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Re: Updated ISSUE-206 CP

From: Steve Faulkner <faulkner.steve@gmail.com>
Date: Wed, 22 Aug 2012 09:30:14 +0100
Message-ID: <CA+ri+Vmn73tiukL3zZQs8Ft1mU0Yq=ERZKn9Jatgn=DvPwA+zw@mail.gmail.com>
To: John Foliot <john@foliot.ca>
Cc: Benjamin Hawkes-Lewis <bhawkeslewis@googlemail.com>, "Edward O'Connor" <eoconnor@apple.com>, public-html@w3.org, HTML Accessibility Task Force <public-html-a11y@w3.org>
Hi John,

I discussed with ben on another thread whether adding a default string
to the acc name was useful, I came to the conclusion that it was
better not to add a default string, but to indicate the presence of
the generator attribute via a property.

For example in IAccessible2 as an object attribute property, I have
not looked into how it could be conveyed in other API's yet.

using a property is preferable as it provides a clear indication to
the AT, and allows the AT to process at sees fit. Adding a default
string to the acc name does not.


On 22 August 2012 03:33, John Foliot <john@foliot.ca> wrote:
> Benjamin Hawkes-Lewis wrote:
>> Yeah, fine, but 
>> The proposed attribute would be a fairly weak signal of the importance
>> or non-importance of the image.
> How so? It would signal that there is an image that may or may not be important, but that the system does not know.
>> Its presence means little. If a
>> publisher republishes syndicated content, their automated systems are
>> unable to distinguish photos added to articles for illustration rather
>> than for more fluffy reasons, e.g. a random photo of a celebrity added
>> to an article about that celebrity that has nothing to do with the
>> photo, just for the sake of having a photo.
> Ergo, there is an image here that is probably not strictly decorative: it may or may not be important, but the system does not know. Full stop.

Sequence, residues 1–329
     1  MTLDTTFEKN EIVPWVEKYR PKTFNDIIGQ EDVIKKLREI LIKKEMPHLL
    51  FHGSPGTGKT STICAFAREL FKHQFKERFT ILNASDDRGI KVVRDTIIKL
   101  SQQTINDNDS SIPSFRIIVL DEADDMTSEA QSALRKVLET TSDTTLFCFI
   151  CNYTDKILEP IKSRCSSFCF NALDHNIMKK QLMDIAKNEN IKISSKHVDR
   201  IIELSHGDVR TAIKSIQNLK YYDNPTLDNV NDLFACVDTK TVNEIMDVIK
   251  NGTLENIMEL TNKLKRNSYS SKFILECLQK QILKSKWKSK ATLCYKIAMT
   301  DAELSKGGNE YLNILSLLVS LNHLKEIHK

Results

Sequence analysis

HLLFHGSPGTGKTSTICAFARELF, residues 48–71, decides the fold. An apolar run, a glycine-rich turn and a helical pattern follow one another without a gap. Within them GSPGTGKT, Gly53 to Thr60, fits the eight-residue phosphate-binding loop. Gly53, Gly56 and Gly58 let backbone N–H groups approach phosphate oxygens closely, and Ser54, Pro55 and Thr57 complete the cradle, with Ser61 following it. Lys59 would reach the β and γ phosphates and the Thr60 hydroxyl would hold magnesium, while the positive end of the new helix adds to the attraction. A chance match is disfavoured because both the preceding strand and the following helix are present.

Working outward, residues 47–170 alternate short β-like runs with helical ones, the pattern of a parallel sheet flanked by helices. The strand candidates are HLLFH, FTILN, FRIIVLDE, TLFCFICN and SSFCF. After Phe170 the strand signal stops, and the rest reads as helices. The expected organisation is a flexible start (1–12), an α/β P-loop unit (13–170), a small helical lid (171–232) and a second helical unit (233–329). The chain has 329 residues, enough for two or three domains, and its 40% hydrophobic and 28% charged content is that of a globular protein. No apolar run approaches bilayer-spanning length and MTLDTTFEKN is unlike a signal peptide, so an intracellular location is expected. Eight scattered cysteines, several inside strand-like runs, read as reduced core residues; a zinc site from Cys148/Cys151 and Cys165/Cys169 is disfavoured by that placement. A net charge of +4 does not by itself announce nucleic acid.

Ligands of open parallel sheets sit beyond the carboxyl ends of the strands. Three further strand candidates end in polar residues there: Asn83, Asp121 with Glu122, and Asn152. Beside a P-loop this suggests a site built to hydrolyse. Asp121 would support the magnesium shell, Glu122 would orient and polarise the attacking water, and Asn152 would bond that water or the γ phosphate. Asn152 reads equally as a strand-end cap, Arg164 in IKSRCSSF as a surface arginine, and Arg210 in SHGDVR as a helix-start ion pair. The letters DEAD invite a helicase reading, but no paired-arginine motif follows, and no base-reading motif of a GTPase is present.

>> Conversely, its absence
>> means little: the web corpus will continue to overflow with critically
>> important images without @alt or this new attribute.
> I'm not looking to solve all problems overnight, and this is certainly one of those types of problems. Developing a solution that has incremental benefit is of equal value to me over seeking the Holy Grail of alt text. We currently lack *any* mechanism that accurately conveys to the non-sighted user that there is an image on the page that most likely should have, but does not have, some alt text. The overwhelming feedback I got was that non-sighted users want to know *that* fact.
>> We should be practical and concentrate on improving the accessibility
>> mappings to support more effective heuristics, such as intrinsic
>> dimensions, color variation, filename, and repeated use, that would
>> apply to images with or without this attribute.
> Sorry Ben, but heuristics is just a fancy way of saying guessing, and I for one am adamant that guessing is a horrible way of moving forward.
> While I did not ask the dozen or so daily users I spoke with earlier this month, I feel fairly confident that they would all concur that taking a stab-in-the-dark guess at an alternative text can be even more useless than being told that here's an image with no other details - at least in the second case they have an accurate and honest response from the system, and the end user can ask for sighted assistance if they so desire.
> Finally, at this time I believe that this Working Group has already spoken on heuristic alt text:
> http://lists.w3.org/Archives/Public/public-html/2010Jun/0001.html
>> Arguing about,
>> speccing, implementing, and testing AAPI for this attribute but not
>> those more effective signals is a misdirection of effort.
> In your opinion.
> If you believe you have a specific solution that could be included in HTML5, please do bring it forward; however until such time as such a solution exists, I myself will continue to seek a usable solution that solves user-problems now.
> JF

with regards

Steve Faulkner
Technical Director - TPG

www.paciellogroup.com | www.HTML5accessibility.com |
HTML5: Techniques for providing useful text alternatives -
Web Accessibility Toolbar - www.paciellogroup.com/resources/wat-ie-about.html
Received on Wednesday, 22 August 2012 08:31:33 UTC

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